"My only concern is that life safety should be given a priority, so to me restricting these things by zoning bylaw will affect people's lifestyle and life safety."
Real estate agent Sukhjot Naroo, who sat on the advisory committee that designed Brampton's 2015 regulations for secondary units, agrees with Singh about the need for zoning reform, but believes unwillingness to register with the city is the result of an intimidating process.
"Instead of helping [owners], they are trying to browbeat them. I thought it could have been better. Instead of having penalty provisions of a $25,000 fine, and this fine and that fine, it could be done much better in a more relaxed way," Naroo says.
Brampton Ward 1 and Regional Councillor Grant Gibson agreed with Naroo in 2016, commenting that, "Part of the problem is we haven't made the process very easy. It is still a very difficult process to go through."
"Usually when you bring a lot of people into a house, there are modifications done to the house," says John Avbar, a manager in bylaw enforcement for the City of Brampton. "Additional plumbing, wiring work, that sort of thing. Safety is paramount."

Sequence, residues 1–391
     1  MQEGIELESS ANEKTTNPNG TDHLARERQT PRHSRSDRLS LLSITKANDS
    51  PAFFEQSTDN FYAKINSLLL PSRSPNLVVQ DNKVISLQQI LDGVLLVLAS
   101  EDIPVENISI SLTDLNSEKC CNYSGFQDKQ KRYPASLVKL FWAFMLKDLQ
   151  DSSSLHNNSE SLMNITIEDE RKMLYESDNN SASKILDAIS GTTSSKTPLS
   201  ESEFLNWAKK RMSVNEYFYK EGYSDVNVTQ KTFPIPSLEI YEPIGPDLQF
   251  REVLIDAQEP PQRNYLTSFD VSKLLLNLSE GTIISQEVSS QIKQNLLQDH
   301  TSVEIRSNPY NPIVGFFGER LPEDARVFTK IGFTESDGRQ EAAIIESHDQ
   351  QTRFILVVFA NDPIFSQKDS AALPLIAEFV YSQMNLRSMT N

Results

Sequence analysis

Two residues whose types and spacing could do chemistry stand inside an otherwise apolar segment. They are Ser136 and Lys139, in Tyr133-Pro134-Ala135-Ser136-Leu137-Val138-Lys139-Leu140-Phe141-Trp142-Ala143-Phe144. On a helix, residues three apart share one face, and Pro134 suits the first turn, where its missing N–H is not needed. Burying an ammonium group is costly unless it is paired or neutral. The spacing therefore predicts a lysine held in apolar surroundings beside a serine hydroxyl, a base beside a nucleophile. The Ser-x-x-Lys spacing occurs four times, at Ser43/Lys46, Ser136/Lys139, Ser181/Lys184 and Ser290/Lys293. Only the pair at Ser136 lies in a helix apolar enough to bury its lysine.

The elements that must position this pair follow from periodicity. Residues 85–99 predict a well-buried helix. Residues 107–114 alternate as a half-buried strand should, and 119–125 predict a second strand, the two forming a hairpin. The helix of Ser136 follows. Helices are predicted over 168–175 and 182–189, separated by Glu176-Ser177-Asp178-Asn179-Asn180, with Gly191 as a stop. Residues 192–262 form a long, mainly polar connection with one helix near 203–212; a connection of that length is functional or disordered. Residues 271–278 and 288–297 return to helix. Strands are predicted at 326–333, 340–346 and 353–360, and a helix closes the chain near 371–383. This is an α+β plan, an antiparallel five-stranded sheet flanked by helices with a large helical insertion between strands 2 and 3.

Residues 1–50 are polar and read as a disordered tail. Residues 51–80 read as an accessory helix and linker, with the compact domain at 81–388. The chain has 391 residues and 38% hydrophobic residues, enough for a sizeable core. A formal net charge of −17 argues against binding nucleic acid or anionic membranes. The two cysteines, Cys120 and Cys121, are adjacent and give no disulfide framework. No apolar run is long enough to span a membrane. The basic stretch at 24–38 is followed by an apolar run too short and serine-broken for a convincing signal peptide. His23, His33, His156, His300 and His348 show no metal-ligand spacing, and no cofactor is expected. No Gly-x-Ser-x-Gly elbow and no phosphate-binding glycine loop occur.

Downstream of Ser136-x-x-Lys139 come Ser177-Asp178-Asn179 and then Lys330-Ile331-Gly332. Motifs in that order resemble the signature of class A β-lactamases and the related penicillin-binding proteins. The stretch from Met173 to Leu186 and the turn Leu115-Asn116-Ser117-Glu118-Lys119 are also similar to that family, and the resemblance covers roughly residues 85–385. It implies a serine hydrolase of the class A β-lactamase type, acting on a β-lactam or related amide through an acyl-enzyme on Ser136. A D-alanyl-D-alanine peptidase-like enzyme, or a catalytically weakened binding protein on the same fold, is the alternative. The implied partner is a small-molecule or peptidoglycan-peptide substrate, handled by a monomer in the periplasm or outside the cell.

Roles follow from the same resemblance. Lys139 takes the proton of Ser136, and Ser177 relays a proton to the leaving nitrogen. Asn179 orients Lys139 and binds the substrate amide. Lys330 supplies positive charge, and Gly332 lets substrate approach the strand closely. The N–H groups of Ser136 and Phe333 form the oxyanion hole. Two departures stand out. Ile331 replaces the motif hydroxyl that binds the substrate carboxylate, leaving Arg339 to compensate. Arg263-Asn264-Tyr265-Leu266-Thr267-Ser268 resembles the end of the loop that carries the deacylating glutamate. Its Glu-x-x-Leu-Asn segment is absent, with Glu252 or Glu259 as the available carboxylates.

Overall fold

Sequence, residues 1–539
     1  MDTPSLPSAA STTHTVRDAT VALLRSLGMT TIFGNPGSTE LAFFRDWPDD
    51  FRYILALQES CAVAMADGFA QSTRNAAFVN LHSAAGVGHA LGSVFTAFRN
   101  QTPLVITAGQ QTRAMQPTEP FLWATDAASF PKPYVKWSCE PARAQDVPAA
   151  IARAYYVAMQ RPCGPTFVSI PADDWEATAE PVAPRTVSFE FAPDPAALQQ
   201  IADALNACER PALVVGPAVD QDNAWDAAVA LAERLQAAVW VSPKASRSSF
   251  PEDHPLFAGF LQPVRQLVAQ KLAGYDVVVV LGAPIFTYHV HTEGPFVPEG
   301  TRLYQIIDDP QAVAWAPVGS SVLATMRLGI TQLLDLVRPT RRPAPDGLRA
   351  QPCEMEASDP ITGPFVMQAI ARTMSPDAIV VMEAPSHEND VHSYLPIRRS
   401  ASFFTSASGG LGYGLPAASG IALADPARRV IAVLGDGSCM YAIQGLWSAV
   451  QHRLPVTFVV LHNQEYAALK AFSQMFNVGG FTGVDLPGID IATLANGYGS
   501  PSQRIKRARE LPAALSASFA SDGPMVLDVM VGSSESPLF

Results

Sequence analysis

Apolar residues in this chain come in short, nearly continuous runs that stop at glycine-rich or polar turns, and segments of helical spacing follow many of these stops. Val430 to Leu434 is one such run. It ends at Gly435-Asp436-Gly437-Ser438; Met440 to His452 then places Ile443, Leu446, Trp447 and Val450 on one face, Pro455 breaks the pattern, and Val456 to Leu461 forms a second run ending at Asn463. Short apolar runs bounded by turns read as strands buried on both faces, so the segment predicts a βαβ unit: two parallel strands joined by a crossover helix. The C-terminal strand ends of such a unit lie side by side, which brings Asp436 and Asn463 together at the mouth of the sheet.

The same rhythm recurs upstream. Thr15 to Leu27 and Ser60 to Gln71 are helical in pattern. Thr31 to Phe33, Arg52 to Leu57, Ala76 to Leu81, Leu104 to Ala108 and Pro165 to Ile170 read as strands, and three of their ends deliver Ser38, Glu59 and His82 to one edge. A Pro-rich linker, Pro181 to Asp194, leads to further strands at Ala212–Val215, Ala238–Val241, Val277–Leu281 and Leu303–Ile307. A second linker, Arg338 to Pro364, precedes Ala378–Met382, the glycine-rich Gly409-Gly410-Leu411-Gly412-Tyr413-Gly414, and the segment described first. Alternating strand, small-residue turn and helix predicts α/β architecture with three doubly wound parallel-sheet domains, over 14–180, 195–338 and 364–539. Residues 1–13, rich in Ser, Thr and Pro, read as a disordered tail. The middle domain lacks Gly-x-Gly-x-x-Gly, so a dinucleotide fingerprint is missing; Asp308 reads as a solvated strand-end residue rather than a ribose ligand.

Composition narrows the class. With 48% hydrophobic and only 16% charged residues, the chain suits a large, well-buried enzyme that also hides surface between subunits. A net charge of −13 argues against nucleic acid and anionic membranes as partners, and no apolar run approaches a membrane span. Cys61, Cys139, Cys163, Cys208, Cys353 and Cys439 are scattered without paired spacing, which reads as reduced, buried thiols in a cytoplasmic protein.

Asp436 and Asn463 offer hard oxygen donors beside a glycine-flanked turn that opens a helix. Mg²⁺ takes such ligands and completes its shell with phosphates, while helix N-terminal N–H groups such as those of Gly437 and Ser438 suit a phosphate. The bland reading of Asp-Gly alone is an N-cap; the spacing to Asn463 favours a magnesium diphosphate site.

Avbar says the investigation and enforcement process, which can involve a bylaw officer entering a home, isn't difficult; it's just time-consuming. "My officers are also property standards officers. They respond to complaints from tenants and people living in rental accommodations when there are deficiencies that are not being maintained, that are not being rectified by a landlord."
Despite his feeling that many members of the public are ambivalent about secondary suites, Major Singh wants to make clear that there are some less obvious benefits to multi-generational housing. Having been a basement apartment dweller and someone who leaned on family for support at one point in his life, he says such living arrangements provide flexibility and helps prepare people for the realities of life.
"That's why it works better than apartment housing. People with families or children, they don't want to live in apartments. They want to live in a basement, make their savings, then get out to have their own house."